11 Reactive protocols DSR In a reactive protocol, how to forward a packet to destination? Initially, no information about next hop is available at all One (only?) possible recourse: Send packet to all neighbors flood the network Hope: At some point, packet will reach destination and an answer is sent pack use this answer for backward learning the route from destination to source Practically: Dynamic Source Routing (DSR) Use separate route request/route reply packets to discover route Data packets only sent once route has been established Discovery packets smaller than data packets Store routing information in the discovery packets 11

12 DSR route discovery procedure Search for route from 1 to 5 [1] 1 [1] [1,7] 6 [1,7] [1,7] [1,4] 4 1 [1,4,6] 6 [1,7,2] [1,7,3] [1,7,2] [5,3,7,1] Node 5 uses route information recorded in RREQ to send back, via source routing, a route reply 12

13 DSR modifications, extensions Intermediate nodes may send route replies in case they already know a route Problem: stale route caches Promiscuous operation of radio devices nodes can learn about topology by listening to control messages Random delays for generating route replies Many nodes might know an answer reply storms NOT necessary for medium access MAC should take care of it Salvaging/local repair When an error is detected, usually sender times out and constructs entire route anew Instead: try to locally change the source-designated route Cache management mechanisms To remove stale cache entries quickly Fixed or adaptive lifetime, cache removal messages, 13

14 Reactive protocols AODV Ad hoc On Demand Distance Vector routing (AODV) Very popular routing protocol Essentially same basic idea as DSR for discovery procedure Nodes maintain routing tables instead of source routing Sequence numbers added to handle stale caches Nodes remember from where a packet came and populate routing tables with that information 14

15 Reactive protocols TORA Observation: In hilly terrain, routing to a river s mouth is easy just go downhill Idea: Turn network into hilly terrain Different landscape for each destination Assign heights to nodes such that when going downhill, destination is reached in effect: orient edges between neighbors Necessary: resulting directed graph has to be cycle free Reaction to topology changes When link is removed that was the last outlet of a node, reverse direction of all its other links (increase height!) Reapply continuously, until each node except destination has at least a single outlet will succeed in a connected graph! 15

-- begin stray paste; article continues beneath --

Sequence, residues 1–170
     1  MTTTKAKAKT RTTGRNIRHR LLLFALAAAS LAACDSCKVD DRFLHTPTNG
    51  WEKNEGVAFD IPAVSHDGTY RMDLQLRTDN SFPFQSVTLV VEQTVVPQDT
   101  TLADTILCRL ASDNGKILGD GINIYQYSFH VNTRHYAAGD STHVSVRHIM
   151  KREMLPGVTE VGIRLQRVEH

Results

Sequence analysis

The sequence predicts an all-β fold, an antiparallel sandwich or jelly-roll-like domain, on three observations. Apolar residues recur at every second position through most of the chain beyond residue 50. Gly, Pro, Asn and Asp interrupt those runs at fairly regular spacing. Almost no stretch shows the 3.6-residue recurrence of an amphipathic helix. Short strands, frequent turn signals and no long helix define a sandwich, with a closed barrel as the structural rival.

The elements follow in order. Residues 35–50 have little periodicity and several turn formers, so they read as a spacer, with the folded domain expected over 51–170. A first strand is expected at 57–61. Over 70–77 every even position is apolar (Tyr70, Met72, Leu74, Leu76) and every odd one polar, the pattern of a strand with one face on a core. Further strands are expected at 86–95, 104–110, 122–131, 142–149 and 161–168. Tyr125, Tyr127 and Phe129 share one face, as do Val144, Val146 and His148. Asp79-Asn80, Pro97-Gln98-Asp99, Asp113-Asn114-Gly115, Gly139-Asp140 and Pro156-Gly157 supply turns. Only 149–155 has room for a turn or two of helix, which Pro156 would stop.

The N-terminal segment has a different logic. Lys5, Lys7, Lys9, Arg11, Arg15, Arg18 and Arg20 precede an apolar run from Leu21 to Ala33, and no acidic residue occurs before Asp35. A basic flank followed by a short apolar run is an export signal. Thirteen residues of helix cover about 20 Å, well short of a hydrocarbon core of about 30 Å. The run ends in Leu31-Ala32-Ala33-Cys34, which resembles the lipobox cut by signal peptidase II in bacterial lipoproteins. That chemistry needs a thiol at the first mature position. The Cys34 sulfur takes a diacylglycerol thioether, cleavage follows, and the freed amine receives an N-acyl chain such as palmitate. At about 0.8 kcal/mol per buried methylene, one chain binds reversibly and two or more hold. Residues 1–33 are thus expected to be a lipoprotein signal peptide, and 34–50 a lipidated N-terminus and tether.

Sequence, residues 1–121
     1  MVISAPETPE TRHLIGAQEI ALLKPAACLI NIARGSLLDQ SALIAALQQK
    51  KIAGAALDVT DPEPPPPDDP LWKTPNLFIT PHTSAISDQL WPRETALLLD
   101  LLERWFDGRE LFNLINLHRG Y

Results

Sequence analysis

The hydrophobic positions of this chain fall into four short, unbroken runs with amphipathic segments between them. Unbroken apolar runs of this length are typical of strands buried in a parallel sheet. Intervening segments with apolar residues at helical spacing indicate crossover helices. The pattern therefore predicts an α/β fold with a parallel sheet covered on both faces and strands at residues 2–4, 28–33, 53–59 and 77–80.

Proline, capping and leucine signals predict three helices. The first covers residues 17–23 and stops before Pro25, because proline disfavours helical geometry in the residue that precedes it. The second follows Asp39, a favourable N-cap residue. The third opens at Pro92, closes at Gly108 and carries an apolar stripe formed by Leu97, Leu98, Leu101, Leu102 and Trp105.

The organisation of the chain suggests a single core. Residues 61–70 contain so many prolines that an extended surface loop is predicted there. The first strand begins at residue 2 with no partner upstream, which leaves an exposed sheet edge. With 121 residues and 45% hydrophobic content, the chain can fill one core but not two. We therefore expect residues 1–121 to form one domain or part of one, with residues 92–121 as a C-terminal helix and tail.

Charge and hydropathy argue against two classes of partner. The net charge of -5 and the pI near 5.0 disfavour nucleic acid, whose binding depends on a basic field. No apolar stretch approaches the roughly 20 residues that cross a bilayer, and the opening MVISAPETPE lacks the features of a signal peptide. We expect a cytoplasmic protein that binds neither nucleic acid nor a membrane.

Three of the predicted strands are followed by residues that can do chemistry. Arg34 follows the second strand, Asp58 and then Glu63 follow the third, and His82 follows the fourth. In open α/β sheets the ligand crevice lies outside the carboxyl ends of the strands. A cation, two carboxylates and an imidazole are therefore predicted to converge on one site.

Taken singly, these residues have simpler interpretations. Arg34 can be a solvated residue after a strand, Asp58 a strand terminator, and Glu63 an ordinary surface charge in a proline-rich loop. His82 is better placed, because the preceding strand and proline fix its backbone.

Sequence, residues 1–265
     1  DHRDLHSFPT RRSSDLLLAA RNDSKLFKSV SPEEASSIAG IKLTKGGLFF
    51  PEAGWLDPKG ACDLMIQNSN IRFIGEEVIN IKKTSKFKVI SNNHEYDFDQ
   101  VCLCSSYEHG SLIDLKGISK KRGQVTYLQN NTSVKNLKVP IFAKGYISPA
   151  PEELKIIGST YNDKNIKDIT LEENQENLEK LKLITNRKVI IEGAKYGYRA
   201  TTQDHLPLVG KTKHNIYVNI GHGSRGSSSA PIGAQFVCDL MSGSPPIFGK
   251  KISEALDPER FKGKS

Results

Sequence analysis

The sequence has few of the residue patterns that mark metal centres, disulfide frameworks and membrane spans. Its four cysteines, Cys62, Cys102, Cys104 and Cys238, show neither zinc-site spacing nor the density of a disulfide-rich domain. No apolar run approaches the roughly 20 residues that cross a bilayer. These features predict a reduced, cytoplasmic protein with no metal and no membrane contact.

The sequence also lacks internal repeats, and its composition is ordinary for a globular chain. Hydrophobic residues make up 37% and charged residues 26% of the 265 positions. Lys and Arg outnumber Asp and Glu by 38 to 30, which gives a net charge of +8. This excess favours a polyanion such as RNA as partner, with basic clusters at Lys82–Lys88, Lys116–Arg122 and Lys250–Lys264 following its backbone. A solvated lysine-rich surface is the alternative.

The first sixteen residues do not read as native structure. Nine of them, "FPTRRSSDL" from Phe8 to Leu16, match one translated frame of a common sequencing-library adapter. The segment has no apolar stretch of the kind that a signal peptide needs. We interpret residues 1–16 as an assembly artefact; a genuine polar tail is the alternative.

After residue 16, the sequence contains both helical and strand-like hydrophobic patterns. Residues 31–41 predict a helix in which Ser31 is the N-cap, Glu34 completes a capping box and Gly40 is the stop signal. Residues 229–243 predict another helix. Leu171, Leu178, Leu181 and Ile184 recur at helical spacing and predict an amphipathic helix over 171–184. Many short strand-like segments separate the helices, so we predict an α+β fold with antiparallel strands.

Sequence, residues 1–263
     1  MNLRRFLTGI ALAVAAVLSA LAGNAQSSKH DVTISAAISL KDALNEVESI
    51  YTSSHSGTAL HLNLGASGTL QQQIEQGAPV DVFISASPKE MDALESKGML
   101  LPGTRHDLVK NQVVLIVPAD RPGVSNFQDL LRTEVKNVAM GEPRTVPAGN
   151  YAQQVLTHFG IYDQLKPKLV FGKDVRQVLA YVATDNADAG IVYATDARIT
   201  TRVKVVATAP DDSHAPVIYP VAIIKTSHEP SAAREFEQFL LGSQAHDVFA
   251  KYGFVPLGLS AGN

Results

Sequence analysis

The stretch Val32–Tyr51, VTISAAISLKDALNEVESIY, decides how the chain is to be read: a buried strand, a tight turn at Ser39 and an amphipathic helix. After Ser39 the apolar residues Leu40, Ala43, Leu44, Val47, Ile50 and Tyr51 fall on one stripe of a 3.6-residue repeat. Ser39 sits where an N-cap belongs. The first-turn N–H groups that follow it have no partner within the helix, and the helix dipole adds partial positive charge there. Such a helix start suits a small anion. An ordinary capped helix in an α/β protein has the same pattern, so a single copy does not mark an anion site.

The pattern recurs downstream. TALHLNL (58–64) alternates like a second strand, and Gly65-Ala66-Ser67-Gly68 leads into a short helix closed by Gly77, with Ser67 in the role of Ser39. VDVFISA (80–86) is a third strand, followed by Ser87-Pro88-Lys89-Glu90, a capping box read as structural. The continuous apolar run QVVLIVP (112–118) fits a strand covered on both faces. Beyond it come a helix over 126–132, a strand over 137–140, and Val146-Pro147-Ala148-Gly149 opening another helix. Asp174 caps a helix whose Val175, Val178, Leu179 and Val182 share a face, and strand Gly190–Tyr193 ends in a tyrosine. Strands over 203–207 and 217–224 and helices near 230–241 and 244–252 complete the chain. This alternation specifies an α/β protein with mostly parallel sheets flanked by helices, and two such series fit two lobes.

16 Alternative approach: Gossiping/rumor routing Turn routing problem around: Think of an agent wandering through the network, looking for data (events, ) Agent initially perform random walk Leave traces in the network Later agents can use these traces to find data Essentially: works due to high probability of line intersections? 16

17 Overview Unicast routing in MANETs Energy efficiency & unicast routing Multi-/broadcast routing Geographical routing 17

18 Energy-efficient unicast: Goals Particularly interesting performance metric: Energy efficiency Goals Minimize energy/bit Example: A-B-E-H Maximize network lifetime Time until first node failure, loss of coverage, partitioning Seems trivial use proper link/path metrics (not hop count) and standard routing D A 1 B 1 E 1 H G C F 2 4 Example: Send data from node A to node H 18

19 Basic options for path metrics Maximum total available battery capacity Path metric: Sum of battery levels Example: A-C-F-H Minimum battery cost routing Path metric: Sum of reciprocal battery levels Example: A-D-H Conditional max-min battery capacity routing Only take battery level into account when below a given level Minimize variance in power levels Minimum total transmission power D A 1 B 1 E 1 H G C F

20 A non-trivial path metric Previous path metrics do not perform particularly well One non-trivial link weight: w ij weight for link node i to node j e ij required energy, λ some constant, α i fraction of battery of node i already used up Path metric: Sum of link weights Use path with smallest metric Properties: Many messages can be send, high network lifetime With admission control, even a competitive ratio logarithmic in network size can be shown 20

21 Multipath unicast routing Instead of only a single path, it can be useful to compute multiple paths between a given source/destination pair Multiple paths can be disjoint or braided Used simultaneously, alternatively, randomly, Disjoint paths Source Braided paths Secondary path Primary path Sink Source Primary path Sink 21